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'Imitate Christ in His total self-giving and service'

By Bishop Terry R. LaValley

June 2, 2021

Editor’s Note: The following is Bishop Terry R. LaValley’s homily from the ordination of Father Matthew Conger, Father John Ojuok and Father Fernando Solomon Jr. on May 29.

Deacon Matthew, Deacon John and Deacon Fernando – each one of you has shown remarkable perseverance in your unique journeys of faith. Your faith-filled response to the challenges each of you has encountered on the way has led to this sacred moment in your lives and led to this most blessed occasion in the faith life of this local Church. Let me begin by acknowledging and thanking your parents, those present and loved ones unable to be here, for their inspiring witness of faith and support of your priestly vocations. Thank you, moms and dads, for your sacrifice.

As your bishop, if there is one theme, one message that I ask you dear brothers to take with you as you begin priestly ministry, it is to imitate Christ in His total self-giving and service. It is not just what we do, but our earnest desire to give of ourselves completely, which reflects Christ’s endearing love for his flock. Such a life stance informs our way of thinking and acting, our way of relating to people. That is how we gain the great privilege of being called “Father.” To be called “Father” implies an intimate, self-emptying relationship with God’s people.

If we are to imitate Christ’s gift of self, priests must live and act in ways that enable us to be close to all the members of the flock. We will want to spend time with them, no matter their economic or social status, no matter their intellectual gifts or political leanings. We will eagerly share their joys and sorrows, not only in our thoughts and prayers but we will want to be in their company, so that through our presence and our ministry they can experience God’s love.

If I am not readily available to all, the hurting will find it so difficult to approach me and to open themselves up and trust me. (JPII Address to Eucharistic Congress, Korea, 1989) As Pope Francis insists, we must smell of our sheep. “Keep watch over yourselves and over the whole flock.” The service to which priests are called must reflect the way God loves and continues to care for His people. In a recent ordination in Rome, Pope Francis referred to this as a “style of closeness, of compassion and a style of tenderness.” We don’t sit in our rectories, waiting for someone to call us, we go out, in all humility, as Christ reached out to others.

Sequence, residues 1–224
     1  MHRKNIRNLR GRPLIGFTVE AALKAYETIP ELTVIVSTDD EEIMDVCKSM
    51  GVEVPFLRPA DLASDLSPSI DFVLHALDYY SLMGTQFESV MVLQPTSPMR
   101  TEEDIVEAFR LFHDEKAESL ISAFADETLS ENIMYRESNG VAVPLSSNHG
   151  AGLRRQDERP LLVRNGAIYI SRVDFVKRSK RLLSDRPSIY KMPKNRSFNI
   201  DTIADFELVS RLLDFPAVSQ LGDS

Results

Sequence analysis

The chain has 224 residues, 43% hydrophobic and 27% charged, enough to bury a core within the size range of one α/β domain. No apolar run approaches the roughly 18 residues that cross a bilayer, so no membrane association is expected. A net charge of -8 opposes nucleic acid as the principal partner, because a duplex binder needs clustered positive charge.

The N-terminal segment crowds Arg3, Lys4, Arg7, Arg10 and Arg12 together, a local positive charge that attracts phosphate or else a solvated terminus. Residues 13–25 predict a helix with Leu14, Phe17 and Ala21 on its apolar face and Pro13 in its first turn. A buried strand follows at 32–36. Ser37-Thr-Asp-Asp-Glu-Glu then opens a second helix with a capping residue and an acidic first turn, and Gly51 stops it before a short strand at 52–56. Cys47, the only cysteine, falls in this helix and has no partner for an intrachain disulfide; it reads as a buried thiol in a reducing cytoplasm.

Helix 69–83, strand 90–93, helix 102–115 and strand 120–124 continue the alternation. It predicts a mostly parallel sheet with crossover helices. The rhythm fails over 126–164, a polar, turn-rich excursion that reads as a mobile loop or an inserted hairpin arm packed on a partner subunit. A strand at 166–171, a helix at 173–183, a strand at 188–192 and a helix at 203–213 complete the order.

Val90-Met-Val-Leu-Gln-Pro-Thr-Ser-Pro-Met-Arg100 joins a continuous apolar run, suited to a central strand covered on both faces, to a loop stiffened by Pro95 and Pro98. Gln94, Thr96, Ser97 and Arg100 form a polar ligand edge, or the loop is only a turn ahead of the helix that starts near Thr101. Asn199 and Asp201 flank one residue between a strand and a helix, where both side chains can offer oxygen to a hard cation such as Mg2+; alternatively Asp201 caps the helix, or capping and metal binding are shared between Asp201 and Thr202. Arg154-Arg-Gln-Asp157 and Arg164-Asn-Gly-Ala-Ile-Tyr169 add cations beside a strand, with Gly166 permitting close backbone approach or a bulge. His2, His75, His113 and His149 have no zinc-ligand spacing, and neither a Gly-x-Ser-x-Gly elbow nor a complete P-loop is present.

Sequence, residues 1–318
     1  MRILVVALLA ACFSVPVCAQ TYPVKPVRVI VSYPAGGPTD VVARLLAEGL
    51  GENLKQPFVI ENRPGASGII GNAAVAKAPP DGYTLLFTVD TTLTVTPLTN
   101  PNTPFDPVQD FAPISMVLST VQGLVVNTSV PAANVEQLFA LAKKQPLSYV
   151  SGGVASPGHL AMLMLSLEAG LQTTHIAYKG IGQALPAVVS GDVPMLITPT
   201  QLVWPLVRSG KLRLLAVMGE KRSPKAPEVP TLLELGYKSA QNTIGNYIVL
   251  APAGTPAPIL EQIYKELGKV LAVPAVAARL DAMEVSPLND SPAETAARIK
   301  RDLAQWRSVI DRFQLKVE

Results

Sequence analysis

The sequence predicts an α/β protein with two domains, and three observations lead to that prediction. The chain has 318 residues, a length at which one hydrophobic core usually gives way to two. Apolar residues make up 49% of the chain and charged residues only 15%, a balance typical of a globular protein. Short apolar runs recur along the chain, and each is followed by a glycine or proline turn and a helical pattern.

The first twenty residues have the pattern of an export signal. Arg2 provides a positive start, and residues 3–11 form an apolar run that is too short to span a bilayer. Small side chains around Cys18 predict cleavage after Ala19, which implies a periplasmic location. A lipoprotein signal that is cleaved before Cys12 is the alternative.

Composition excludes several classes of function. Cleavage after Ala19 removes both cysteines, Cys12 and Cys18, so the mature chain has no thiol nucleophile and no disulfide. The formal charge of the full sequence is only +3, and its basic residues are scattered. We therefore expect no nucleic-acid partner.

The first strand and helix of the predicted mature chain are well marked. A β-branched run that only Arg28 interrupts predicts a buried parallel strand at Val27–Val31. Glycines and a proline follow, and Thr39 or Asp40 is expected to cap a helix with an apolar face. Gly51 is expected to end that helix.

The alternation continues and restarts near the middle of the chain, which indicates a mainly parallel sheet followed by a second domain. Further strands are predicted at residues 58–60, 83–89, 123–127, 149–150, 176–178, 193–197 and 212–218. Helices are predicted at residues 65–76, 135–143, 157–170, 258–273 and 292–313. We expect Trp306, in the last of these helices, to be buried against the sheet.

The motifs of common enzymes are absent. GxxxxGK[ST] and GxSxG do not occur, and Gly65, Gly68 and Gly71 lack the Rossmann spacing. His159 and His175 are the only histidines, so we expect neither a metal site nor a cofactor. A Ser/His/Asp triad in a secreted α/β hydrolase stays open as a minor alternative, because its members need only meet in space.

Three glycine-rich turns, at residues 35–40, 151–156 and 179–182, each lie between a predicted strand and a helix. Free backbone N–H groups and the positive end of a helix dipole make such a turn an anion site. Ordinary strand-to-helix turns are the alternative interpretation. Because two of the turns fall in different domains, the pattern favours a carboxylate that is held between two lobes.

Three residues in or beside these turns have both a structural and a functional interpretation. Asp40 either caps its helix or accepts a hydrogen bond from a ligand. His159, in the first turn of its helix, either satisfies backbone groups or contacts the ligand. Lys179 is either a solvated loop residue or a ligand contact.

Now, of course without prayer, the priest will empty himself out. He will quickly become a machine that makes a lot of clatter as he rusts out. In order to help others, the priest must first ask for help from the Lord. It is the priesthood of Jesus Christ, not ours. Everything that is essential to our ministry cannot be the product of our personal abilities.

What do the people of God demand of their priests? St. John tells us: They want one thing only: “We wish to see Jesus” (Jn.12:21). Our people want priests to lead them to Jesus, to put them in touch with Christ. The baptized want to see Jesus through their priests. They want to hear His Word. They want to see God. They want to learn how to pray. A priest who does not have Jesus in his heart can give nothing. No one can offer what he or she does not possess.

How can a priest lead community prayer if he does not remain constantly in intimate contact with the Lord by taking the time to live a disciplined prayer life? The Liturgy of the Hours, daily Mass, adoration of the Blessed Sacrament, all provide close encounters with God. If the priest does not pray, little by little, the faithful go away because the well in which they hoped to find water has run dry. A most important element in our evangelizing efforts is the priest’s persevering prayer.